Stay Informed!
We promote upcoming professional development opportunities in this newsletter, on the portal, and on our Faculty Center Facebook Group. The Facebook Group allows you to receive reminders of upcoming events that you are interested in participating in, enjoy photos from various events, and interact with your colleagues.

FREE Canvas Conference! InstructureCon 2021 Online
Thursday, October 7th
Registration is now OPEN for InstructureCon2021 Online. This free virtual conference is open to all Canvas users.
Event Runs 12:00PM-5:00pm EST
  • Keynote Speakers
  • 50+ Breakout Sessions
  • Roundtable Discussions
Register now at:
Effective Teaching Strategies for Working with College Students Diagnosed with an Autism Spectrum Disorder
Tuesday, October 26th, 2-3pm |Presented by Karen Kaplinski
This is a repeat of a summer in-service session and a great opportunity to participate if you missed the session before!
This session will discuss the learning challenges and strengths of students diagnosed with an autism spectrum disorder. Effective teaching strategies will be explored with an emphasis on capitalizing on a student’s strengths while addressing possible learning and behavioral issues.
Sign up:
Coming soon! Trevor Project CARE Training
Date: TBD
Trevor’s CARE Training is an interactive workshop that expertly and empathetically explores suicidality and mental health challenges among lesbian, gay, bisexual, transgender and questioning (LGBTQ) youth. CARE is an acronym for “Connect, Accept, Respond, Empower”, or the steps we’ve identified as the best way to respond to someone in need of support. This training identifies risk reduction methods, crisis de-escalation and communication tactics, and common stressors that may contribute to a heightened risk for suicide and poor mental health.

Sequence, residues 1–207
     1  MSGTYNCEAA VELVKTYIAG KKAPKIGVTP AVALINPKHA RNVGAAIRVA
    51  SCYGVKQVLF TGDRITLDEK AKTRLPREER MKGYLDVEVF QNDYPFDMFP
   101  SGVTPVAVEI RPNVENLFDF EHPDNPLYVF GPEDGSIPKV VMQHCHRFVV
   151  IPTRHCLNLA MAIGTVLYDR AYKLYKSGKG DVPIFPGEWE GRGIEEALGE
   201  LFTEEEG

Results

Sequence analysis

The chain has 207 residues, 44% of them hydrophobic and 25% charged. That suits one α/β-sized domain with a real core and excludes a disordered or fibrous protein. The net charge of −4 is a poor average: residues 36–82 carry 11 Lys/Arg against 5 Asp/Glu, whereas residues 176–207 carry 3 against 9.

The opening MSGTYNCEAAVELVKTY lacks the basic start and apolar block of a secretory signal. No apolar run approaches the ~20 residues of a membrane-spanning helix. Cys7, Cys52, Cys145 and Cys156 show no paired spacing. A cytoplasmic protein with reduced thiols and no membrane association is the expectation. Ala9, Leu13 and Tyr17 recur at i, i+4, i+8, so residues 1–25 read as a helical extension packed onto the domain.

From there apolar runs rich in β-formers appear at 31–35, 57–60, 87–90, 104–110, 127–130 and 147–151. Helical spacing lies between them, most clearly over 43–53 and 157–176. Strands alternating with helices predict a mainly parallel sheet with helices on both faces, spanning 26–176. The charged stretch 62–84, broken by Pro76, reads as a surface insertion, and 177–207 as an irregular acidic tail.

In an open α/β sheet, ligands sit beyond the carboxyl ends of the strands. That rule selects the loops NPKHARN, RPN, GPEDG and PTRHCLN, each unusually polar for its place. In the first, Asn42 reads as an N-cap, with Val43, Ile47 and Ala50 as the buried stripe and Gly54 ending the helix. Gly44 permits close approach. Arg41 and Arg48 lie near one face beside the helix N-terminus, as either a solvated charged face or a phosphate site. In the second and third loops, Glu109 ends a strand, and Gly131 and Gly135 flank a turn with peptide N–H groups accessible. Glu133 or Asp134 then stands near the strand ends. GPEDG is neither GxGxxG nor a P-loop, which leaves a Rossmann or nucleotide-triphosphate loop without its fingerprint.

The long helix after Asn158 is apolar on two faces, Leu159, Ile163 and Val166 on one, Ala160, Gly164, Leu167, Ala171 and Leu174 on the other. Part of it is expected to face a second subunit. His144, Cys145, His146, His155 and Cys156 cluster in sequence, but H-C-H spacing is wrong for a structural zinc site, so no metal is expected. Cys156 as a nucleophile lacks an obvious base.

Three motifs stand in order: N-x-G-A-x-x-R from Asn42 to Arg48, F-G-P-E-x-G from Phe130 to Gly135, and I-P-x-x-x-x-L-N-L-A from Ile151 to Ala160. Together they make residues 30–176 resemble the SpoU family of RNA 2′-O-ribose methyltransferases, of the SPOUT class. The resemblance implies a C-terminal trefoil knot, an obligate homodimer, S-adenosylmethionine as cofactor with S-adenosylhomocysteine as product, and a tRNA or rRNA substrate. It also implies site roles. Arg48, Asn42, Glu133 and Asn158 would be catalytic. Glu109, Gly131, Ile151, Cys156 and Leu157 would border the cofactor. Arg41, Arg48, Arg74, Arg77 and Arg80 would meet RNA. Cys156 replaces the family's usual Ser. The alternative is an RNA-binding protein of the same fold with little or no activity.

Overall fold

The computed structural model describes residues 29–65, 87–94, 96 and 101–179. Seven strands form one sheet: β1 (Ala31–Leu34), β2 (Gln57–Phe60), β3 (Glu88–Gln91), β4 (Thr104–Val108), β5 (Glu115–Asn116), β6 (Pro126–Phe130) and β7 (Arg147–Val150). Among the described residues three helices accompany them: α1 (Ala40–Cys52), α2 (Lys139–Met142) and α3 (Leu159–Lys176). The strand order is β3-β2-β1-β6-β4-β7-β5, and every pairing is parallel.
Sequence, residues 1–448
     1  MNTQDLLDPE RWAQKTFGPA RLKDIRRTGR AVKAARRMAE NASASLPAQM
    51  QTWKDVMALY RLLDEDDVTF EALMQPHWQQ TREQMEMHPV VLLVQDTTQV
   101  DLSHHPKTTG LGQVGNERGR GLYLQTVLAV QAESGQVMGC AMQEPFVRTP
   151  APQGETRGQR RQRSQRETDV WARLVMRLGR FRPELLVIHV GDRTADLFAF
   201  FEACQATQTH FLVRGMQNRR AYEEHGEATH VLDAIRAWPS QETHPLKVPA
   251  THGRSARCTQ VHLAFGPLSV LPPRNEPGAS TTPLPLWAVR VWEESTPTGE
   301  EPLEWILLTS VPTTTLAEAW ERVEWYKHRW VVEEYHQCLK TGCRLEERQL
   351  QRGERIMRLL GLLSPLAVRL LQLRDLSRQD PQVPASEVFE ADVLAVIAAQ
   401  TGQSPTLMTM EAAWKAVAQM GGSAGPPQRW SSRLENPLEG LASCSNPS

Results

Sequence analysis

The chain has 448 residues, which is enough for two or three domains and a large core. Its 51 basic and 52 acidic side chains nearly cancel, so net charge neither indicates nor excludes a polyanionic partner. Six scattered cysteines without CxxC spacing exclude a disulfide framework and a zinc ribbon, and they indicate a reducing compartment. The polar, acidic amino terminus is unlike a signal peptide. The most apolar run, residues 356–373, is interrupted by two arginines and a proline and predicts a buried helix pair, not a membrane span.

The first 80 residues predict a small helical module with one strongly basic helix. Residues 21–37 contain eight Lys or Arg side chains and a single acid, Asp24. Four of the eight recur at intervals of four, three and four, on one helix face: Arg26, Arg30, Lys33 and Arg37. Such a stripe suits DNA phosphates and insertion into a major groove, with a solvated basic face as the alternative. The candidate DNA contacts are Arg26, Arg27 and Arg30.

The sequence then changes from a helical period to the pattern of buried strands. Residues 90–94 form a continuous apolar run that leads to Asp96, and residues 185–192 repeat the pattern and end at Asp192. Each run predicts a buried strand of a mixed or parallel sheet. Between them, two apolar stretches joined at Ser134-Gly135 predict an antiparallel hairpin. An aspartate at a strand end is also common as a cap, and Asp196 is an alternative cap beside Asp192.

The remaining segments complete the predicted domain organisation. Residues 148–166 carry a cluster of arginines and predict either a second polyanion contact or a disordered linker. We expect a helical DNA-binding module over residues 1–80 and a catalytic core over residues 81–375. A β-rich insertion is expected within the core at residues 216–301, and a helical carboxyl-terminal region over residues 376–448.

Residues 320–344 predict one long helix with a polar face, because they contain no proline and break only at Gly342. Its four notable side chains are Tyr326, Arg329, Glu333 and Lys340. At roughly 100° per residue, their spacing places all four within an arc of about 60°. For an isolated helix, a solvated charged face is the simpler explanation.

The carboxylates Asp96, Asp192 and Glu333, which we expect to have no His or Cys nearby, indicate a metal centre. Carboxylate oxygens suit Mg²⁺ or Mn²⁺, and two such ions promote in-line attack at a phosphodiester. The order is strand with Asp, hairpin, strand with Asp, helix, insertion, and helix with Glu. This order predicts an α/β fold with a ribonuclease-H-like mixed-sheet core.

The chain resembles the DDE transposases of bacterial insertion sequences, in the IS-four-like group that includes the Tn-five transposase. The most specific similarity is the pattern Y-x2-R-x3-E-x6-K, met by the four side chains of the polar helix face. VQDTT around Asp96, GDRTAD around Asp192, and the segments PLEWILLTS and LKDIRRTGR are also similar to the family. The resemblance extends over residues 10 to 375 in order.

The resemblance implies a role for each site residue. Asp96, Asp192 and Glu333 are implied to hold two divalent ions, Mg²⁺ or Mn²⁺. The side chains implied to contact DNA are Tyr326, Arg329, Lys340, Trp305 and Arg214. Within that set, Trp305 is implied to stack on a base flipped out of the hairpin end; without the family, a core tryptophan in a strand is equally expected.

Faculty Learning Communities
Facilitators: Kate D’Auria and Kelly Sell 

Our fall FLC on Building Connections and Engagement has 16 participants from almost every department! We are exploring the four principles in the new book Relationship Rich Education by Felton and Lambert. Built around the premise that relationships are the foundation of the undergraduate experience, these authors reviewed the research and then visited many colleges. In their interviews of many stakeholders, including students, they tried to find out how we can be more intentional and systematic in building relationships to support student success.
Please consider the four principles the book explores and take a look at these great online resources.

From chapter one, the four principles:
  • Every student must experience genuine welcome and deep care. All students need to understand that they are valued as people. This is a prerequisite to believing that they belong on campus, which is essential for persistence and academic success.
  • Every student must be inspired to learn. Students too often approach their education as a series of transactions, hurdles to be cleared, and grades to be negotiated. Relationships help transform learning and motivation. All faculty members have opportunities to show genuine interest in students, share their passion for and expertise in their disciplines, and spark students to learn. Staff and peers are also crucial in creating communities that inspire learning in and out of the classroom.